A week or so ago, I traveled to Miami University in Ohio to meet with the National Advisory Board for the Howe Center for Writing Excellence, a group that includes Kathleen Yancey, Marti Townsend, Chris Anson, and Steve Bernhardt along with Kate Ronald, Director of the Howe Center. I’ve been on this Board since the inception of the Center, so I’m always glad to visit and learn about what this exemplary Center is doing. As always, I came away impressed. Student tutorials have increased exponentially, as have the number of workshops offered for students at all levels. [read more]
Earlier this month, Edutopia’s post on Literacy Through Photography for English-Language Learners explored photographs’ potential for analysis, reflection, and organization. The article was focused on younger, English language learners, but the ideas made me think about possibilities for my technical writing students. [read more]
I just read on cnn.com about the Hendersons of Hurricane, Utah, who have cancelled Christmas in an effort to teach their three children to stop being disrespectful and to stop acting entitled. They will celebrate the religious meaning of Christmas, but Santa won’t be visiting their house this year.
Ads also appeal to their audience’s values, and during the Christmas season, there is an extra push to remind people to exhibit the spirit of Christmas by sharing with the less fortunate. If you’ve ever dropped some money into a Salvation Army bucket–or felt guilty for not doing so–you have been targeted by one of the most visible of the season’s appeals to values.We all know the common complaints about the commercialization of Christmas. In fact, the Christmas season is a good time to look at the commercials that start showing up around Halloween. If we think about commercials as arguments designed to convince us to buy a product or act in a certain way, we can analyze the needs and values that they are appealing to. [read more]
In mid-November I was skimming headlines when this one caught my eye: “Please, Don’t ‘Decry’ the ‘Divorcee.’ Or Give Us Your ‘CV.” The Times Guide to Modern Usage.” Intrigued, I clicked and read on. In this brief piece, Susan Lehman, former deputy editor of the Sunday Review section of the New York Times, provides a “sampling of terms that should be used with care.” [read more]
I learned about trigger warnings for the first time this semester.
Trigger warnings, whether presented on syllabi or before class readings, warn students that material in the course (such as content on sexual abuse, war, or rape) could trigger those suffering from Post Traumatic Stress Disorder (PTSD). At the very start of the semester I learned about them when one of our Graduate Teaching Assistants (GTAs) approached me about a student in her class. [read more]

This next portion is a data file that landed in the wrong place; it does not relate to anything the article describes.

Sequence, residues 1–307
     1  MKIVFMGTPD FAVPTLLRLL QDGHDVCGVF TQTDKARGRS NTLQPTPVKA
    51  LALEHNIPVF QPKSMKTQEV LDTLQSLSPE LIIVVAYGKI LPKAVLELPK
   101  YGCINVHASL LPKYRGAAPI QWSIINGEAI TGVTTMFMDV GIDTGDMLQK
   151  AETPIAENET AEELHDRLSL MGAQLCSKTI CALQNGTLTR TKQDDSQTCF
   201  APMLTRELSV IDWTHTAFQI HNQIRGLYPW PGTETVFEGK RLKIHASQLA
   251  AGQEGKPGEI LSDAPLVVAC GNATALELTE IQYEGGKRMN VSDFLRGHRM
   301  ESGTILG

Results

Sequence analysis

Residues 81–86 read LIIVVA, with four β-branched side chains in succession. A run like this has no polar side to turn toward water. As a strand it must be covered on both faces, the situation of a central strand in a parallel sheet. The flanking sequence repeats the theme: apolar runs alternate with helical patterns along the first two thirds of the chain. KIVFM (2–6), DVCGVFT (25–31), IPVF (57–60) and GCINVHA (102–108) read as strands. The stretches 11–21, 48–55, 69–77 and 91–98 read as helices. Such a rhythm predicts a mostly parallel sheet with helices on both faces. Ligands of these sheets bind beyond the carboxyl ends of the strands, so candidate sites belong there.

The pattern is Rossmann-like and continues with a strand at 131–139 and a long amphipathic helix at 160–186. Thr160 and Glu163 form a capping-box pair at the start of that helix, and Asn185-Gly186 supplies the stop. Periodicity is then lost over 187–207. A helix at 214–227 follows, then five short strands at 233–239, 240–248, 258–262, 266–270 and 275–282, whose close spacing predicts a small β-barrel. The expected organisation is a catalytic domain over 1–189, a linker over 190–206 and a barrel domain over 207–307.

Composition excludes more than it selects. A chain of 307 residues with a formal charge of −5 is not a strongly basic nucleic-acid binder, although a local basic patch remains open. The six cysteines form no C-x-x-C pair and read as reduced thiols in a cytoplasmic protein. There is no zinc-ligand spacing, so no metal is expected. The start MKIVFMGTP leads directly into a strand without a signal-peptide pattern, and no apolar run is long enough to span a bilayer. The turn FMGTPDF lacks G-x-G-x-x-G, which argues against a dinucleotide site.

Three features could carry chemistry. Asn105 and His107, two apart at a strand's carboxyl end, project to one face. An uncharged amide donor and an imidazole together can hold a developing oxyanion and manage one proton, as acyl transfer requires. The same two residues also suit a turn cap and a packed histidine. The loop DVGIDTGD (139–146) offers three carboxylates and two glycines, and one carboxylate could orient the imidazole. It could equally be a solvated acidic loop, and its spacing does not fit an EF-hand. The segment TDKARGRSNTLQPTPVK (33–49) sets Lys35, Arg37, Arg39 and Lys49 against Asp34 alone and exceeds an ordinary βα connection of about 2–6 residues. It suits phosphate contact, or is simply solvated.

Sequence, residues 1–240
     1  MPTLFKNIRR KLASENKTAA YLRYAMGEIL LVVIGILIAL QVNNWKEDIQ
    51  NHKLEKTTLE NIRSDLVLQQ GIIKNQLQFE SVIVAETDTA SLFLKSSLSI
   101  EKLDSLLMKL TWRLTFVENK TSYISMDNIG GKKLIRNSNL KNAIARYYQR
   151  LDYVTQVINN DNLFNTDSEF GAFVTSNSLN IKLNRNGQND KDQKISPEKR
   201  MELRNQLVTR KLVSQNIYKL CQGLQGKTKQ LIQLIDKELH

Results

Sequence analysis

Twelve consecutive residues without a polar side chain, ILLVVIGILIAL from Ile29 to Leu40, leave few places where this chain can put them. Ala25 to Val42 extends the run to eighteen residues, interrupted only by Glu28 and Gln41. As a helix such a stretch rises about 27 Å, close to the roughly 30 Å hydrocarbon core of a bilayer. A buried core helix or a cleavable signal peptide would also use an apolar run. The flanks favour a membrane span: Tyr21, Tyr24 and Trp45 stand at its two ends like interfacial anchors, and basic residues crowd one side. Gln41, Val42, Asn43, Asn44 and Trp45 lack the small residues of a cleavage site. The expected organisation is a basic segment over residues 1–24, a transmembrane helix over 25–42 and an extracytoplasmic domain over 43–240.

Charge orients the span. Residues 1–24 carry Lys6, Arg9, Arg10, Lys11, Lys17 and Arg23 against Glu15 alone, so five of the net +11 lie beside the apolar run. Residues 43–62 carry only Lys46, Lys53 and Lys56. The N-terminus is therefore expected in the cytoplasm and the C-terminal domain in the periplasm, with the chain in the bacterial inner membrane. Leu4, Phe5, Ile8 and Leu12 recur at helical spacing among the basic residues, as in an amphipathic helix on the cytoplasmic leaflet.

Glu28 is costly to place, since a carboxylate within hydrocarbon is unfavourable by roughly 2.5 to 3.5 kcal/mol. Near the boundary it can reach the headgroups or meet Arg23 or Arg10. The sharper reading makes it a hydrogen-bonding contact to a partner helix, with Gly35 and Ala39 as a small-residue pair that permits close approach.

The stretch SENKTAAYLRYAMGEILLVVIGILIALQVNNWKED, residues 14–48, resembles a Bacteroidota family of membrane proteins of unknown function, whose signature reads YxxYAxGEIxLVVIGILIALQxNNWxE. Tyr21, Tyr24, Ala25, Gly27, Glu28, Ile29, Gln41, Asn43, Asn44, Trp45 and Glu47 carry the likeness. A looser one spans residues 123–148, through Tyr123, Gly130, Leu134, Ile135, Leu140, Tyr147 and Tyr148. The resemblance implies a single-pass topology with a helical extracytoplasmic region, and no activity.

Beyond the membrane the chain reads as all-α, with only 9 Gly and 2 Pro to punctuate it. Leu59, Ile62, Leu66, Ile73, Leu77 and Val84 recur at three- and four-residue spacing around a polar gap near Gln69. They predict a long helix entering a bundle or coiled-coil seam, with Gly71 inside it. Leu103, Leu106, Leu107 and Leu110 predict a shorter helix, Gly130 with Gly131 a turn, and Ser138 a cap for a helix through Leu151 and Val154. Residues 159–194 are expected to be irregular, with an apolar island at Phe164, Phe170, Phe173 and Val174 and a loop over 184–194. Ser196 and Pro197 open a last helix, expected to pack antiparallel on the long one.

Last spring, one of the students in my technical writing class had a remote like the Logitech Presenter, which his group used as they made their presentation. It seemed like an awkward “pass the conch” game, as group members passed the remote back and forth to give their portion of the presentation, but it was better than all of them shuffling around at the keyboard. Seeing the tool in action, I realized that I needed a similar remote for my Writing and Digital Media class. [read more]
Today’s guest blogger is Jeanne Law Bohannon.
I began my posts for this semester’s blog with a piece about e-badges, and how students develop their e-dentities through the production of personal e-badges. As my students and I wrap up our semester, we are thinking about what it means to create and nurture our e-dentities. We have developed and grown our e-dentities for the past few months on public domains, through an initiative led by the University of Mary Washington, Emory University, and this semester, at my school, Southern Polytechnic State University. [read more]
As a white woman with a vivid childhood memory of the uprisings that followed Dr. Martin Luther King’s assassination in 1968, how could I make sense of the Ferguson grand jury verdict— in and out of class?
At the time of the announcement, our classes had dispersed for the Thanksgiving holiday. I had already assigned the term’s final writing project and was deeply ensconced in catching up with grading students’ essays. When we reconvened for the last week of classes after the holiday, all attention would be focused on completing the coursework. Yet the work of the course, as an introduction to academic writing, would remain deeply intertwined with all of our lives. [read more]
The practice of popular cultural semiotics has much in common with both anthropology and sociology: after all, cultural semiotics, too, analyzes human behavior. But it is important to point out that there are a number of methodological differences that distinguish the semiotic from the sociological or anthropological approaches, one of which I wish to explain here. [read more]
A recent discussion on the WPA listserv about conferences—the pros and the cons—caught my attention. I read with great interest, particularly as Bob Yagelski described the writing program at SUNY Albany and the important role that conferences played in it. Bob’s comments reminded me of one of the great lessons we learned during the five-year longitudinal Stanford Study of Writing. In interviews during these five years, and in conversations since, students told us over and over that what helped them improve most in their writing was what research team member Paul Rogers dubbed “dialogic interaction.” [read more]